“To be clear, the decision of whether to indict a corporation, defer prosecution, or decline altogether is not one that I, or anyone in the Criminal Division, take lightly.  We are frequently on the receiving end of presentations from defense counsel, CEOs, and economists who argue that the collateral consequences of an indictment would be devastating for their client.  In my conference room, over the years, I have heard sober predictions that a company or bank might fail if we indict, that innocent employees could lose their jobs, that entire industries may be affected, and even that global markets will feel the effects.  Sometimes – though, let me stress, not always – these presentations are compelling.  In reaching every charging decision, we must take into account the effect of an indictment on innocent employees and shareholders, just as we must take into account the nature of the crimes committed and the pervasiveness of the misconduct.  I personally feel that it’s my duty to consider whether individual employees with no responsibility for, or knowledge of, misconduct committed by others in the same company are going to lose their livelihood if we indict the corporation.  In large multi-national companies, the jobs of tens of thousands of employees can be at stake.  And, in some cases, the health of an industry or the markets are a real factor.  Those are the kinds of considerations in white collar crime cases that literally keep me up at night, and which must play a role in responsible enforcement.”

“When the only tool we had to use in cases of corporate misconduct was a criminal indictment, prosecutors sometimes had to use a sledgehammer to crack a nut.  More often, they just walked away.  In the world we live in now, though, prosecutors have much greater ability to hold companies accountable for misconduct than we used to – and the result has been a transformation in the culture of corporate compliance.  In appropriate circumstances, large corporations, such as Siemens AG, must plead guilty for their crimes.  In other cases, because the company has gone to extraordinary lengths to turn itself around, for example, or provided the government with extensive cooperation, a deferred prosecution agreement or non-prosecution agreement may be the best resolution.  No matter what, individual executives and employees must answer for their conduct.  And, perhaps most important of all, companies know that they are now much more likely to face punishment than they were when our choice was limited to indicting or walking away.  Overall, this state of affairs is better for companies, better for the government, and better for the American people.”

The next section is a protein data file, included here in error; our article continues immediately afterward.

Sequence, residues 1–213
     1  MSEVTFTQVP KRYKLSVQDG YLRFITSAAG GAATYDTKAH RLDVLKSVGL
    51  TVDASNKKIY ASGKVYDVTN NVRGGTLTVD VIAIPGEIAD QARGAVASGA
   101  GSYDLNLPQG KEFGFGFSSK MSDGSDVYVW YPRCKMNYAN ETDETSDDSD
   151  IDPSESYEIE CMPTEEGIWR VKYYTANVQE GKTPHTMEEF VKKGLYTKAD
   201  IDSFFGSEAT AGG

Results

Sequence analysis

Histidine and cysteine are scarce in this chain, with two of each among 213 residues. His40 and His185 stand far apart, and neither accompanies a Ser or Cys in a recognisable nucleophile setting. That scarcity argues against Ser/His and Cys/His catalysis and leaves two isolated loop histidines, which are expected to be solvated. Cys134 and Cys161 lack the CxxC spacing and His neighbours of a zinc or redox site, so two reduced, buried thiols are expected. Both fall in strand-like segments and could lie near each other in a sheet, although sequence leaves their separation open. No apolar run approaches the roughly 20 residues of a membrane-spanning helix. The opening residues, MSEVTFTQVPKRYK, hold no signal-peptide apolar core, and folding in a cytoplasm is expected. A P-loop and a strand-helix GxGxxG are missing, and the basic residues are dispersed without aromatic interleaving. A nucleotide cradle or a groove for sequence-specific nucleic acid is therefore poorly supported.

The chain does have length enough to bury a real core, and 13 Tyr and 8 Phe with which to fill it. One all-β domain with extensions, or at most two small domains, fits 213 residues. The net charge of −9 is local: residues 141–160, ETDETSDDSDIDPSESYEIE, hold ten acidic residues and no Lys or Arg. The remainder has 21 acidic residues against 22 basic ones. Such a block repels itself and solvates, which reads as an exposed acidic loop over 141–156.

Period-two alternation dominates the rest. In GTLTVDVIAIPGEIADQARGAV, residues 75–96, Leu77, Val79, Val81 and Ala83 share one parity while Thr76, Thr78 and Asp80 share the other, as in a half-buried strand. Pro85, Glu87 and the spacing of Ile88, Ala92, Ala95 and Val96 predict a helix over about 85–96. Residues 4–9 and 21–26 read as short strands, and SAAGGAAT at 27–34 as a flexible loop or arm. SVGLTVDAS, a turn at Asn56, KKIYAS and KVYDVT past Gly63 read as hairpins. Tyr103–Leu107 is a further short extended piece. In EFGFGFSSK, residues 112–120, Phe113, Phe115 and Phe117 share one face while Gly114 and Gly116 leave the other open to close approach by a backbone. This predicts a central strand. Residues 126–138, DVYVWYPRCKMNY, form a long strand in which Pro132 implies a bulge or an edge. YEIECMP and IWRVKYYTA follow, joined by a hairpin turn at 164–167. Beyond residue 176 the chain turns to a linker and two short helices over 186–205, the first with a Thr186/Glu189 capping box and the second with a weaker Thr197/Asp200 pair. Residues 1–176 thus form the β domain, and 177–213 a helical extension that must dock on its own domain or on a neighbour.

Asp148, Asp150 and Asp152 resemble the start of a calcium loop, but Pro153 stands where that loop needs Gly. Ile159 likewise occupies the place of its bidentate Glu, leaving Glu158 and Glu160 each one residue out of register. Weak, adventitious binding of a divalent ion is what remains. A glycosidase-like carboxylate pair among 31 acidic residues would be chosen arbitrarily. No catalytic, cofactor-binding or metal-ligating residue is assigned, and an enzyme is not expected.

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Let’s probe the two reasons why the “old” system, in which the DOJ either brought criminal charges or didn’t, seems to trouble Breuer.

First, he stated as follows.  “Prosecutors faced a stark choice when they encountered a corporation that had engaged in misconduct – either indict, or walk away.”  There is absolutely, positively nothing wrong with this choice.  Bringing criminal charges against person (natural or legal) should not be easy.  It should be difficult.  Our founding fathers recognized this as a necessary bulwark against an all powerful government.  There is no legal or policy reason warranting a change from such a fundamental and long-lasting principle.

Second, Breuer, without specifically mentioning the prosecution, carries forward the Arthur Anderson effect that has guided DOJ policy for over a decade ((i.e. the notion that indicting a company will result in a corporate death sentence).  Breuer stated as follows.  “I personally feel that it’s my duty to consider whether individual employees with no responsibility for, or knowledge of, misconduct committed by others in the same company are going to lose their livelihood if we indict the corporation.  In large multi-national companies, the jobs of tens of thousands of employees can be at stake.”   However, as highlighted in this recent guest post, Gabriel Markoff recently debunked the Arthur Anderson effect as factually false.